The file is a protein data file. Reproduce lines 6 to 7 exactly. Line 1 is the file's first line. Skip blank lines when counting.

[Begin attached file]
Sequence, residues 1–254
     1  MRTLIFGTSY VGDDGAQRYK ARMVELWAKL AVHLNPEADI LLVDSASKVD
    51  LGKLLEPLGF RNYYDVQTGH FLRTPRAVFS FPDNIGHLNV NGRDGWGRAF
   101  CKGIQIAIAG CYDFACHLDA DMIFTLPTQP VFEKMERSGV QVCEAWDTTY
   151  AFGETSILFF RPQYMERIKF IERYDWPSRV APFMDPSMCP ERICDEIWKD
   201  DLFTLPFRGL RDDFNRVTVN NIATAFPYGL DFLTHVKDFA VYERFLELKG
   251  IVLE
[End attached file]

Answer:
   201  DLFTLPFRGL RDDFNRVTVN NIATAFPYGL DFLTHVKDFA VYERFLELKG
   251  IVLE